The growth of Indian nationalism started in the nineteenth century. Political unification of India, fall of India’s old social and economic system, the beginning of modern trade and industry and the rise of new social classes laid the basis of nationalism.
The social and religious reform movements and popular anti-British revolts contributed to the growth of nationalism. The farmers were suffering under the new land tenure systems introduced by the British government. The Indian industrialists were sad because of the economic policy of the British government. All import duties on cotton textiles were removed in 1882, which harmed the textile industry.
The people of India became aware of the fact that the development of their country was not possible unless British rule was ended. There was a series of famines, which took a toll of millions of human lives, due to the indifference of the autocratic British administration.
The Indian Civil Service, which ran the administration of the country, also consisted mostly of Englishmen. It was difficult for the Indians to get selected in the I.A.S. The examinations were held in England and few could afford to appear for them. After the revolt, the feeling of racial superiority grew and every thing Indian appeared in terror to them. There were special clubs and railway coaches for Europeans where the entry of Indians was prohibited. The Ilbert Bill sought to bring Indians and Europeans at par as the criminal jurisdiction of courts was concerned and to withdraw the privilege enjoyed by Europeans of being tried by a judge of their own race only. The Europeans protested against it and at last it was withdrawn.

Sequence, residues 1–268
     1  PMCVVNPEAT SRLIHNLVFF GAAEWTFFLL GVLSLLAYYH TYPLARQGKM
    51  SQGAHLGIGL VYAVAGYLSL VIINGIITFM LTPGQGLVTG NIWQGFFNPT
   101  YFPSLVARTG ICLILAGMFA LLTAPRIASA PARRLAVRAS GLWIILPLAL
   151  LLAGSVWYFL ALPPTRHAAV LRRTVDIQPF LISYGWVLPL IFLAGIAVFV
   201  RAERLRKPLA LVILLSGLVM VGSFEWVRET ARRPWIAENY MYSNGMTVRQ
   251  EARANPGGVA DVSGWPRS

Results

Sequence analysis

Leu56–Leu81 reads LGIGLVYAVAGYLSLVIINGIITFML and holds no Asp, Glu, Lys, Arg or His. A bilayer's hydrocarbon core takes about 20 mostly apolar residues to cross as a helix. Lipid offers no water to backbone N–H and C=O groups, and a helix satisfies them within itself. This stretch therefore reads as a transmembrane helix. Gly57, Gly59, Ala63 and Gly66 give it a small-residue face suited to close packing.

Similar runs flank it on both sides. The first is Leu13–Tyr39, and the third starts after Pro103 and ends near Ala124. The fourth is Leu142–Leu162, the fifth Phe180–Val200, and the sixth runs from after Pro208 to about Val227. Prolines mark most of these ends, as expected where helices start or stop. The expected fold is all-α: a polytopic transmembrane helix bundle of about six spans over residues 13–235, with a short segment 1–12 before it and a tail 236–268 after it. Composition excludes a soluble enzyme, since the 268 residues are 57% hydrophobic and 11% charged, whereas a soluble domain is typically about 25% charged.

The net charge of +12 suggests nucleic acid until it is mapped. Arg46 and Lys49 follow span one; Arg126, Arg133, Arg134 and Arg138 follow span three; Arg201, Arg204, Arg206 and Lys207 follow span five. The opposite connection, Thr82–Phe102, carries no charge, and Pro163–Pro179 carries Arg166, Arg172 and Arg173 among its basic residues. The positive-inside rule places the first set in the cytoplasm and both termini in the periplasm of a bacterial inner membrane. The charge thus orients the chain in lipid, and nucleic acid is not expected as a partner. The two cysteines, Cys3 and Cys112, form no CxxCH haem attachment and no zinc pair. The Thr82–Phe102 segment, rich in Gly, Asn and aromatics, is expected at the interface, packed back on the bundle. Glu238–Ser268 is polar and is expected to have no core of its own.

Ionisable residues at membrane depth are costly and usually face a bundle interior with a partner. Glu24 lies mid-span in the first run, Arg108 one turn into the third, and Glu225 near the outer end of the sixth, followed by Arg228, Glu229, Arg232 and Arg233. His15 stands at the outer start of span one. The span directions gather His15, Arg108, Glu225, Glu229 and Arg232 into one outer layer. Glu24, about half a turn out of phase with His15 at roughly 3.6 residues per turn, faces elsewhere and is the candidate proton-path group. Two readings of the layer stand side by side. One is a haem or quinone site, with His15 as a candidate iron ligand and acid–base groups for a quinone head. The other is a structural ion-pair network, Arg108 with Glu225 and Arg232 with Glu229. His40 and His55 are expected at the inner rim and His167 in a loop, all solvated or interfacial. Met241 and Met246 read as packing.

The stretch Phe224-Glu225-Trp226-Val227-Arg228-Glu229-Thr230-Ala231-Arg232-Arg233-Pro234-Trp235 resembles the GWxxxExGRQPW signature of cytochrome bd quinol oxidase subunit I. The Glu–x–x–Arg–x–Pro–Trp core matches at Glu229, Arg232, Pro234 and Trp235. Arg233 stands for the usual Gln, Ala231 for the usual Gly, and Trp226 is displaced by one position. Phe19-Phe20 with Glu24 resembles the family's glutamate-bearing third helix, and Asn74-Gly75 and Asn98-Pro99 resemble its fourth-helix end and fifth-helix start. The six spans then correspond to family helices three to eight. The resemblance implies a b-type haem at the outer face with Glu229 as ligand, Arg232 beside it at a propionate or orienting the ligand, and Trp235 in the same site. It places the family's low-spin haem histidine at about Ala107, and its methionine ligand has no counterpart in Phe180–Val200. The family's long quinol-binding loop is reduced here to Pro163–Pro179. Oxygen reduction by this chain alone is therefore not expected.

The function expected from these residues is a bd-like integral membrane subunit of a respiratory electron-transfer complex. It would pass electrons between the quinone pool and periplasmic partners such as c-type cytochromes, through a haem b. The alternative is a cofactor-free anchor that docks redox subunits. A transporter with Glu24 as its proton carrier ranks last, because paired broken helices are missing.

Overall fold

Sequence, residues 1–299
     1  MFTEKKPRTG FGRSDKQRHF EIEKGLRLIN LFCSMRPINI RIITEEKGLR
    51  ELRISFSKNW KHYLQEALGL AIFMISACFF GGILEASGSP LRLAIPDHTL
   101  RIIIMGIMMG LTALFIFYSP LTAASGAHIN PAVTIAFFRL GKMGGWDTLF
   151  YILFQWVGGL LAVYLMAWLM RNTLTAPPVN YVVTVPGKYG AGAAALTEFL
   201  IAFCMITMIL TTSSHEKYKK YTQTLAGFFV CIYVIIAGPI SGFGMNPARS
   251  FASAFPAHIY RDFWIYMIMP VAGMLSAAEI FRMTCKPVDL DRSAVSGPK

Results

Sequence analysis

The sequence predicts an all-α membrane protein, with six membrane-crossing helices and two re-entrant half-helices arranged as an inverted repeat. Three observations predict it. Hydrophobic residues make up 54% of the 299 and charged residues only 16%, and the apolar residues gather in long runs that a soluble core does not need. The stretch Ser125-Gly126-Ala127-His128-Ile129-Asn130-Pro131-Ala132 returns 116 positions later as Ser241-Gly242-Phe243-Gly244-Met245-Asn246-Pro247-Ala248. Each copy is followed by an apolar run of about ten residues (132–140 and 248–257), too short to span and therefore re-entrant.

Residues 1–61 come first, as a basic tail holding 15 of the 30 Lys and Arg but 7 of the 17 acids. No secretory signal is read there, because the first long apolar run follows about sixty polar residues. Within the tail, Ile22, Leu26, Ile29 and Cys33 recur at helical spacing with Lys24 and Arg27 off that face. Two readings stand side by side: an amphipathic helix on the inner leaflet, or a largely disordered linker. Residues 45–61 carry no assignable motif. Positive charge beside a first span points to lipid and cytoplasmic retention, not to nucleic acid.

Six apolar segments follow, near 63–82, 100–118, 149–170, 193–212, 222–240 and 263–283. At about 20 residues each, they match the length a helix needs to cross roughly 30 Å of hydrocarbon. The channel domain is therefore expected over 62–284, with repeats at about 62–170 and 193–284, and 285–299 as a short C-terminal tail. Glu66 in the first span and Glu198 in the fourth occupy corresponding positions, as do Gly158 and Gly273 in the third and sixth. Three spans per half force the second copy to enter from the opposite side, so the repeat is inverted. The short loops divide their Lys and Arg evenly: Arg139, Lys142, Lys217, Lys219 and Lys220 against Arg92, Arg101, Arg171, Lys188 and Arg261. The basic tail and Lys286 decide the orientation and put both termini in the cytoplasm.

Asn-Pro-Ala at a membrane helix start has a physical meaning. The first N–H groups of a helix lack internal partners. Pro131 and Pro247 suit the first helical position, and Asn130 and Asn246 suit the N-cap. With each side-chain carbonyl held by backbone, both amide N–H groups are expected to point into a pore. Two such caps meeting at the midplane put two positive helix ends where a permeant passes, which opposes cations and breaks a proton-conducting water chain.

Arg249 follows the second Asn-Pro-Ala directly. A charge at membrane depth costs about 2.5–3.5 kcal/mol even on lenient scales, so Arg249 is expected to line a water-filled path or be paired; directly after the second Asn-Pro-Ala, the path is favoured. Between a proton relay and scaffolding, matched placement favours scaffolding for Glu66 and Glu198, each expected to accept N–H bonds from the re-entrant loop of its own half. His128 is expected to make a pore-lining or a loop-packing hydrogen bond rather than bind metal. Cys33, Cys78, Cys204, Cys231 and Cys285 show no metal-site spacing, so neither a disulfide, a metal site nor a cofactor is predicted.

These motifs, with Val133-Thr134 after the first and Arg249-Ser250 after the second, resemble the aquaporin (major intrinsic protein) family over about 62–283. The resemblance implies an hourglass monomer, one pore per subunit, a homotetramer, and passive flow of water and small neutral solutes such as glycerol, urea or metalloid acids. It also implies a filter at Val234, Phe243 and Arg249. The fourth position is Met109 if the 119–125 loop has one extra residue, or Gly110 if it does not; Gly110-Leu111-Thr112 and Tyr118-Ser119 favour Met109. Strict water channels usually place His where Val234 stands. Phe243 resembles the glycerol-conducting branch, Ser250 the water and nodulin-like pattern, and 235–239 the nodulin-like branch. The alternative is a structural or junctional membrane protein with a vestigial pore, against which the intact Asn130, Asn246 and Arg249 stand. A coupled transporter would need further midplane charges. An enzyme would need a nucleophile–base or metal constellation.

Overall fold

The vernacular Press Act of 1878 imposed severe restrictions on the freedom of the Press. The Arms Act of 1879 forbade the possession of arms by Indians. In the 20th century, the ideas of socialism and internationalism influenced India’s struggle for independence.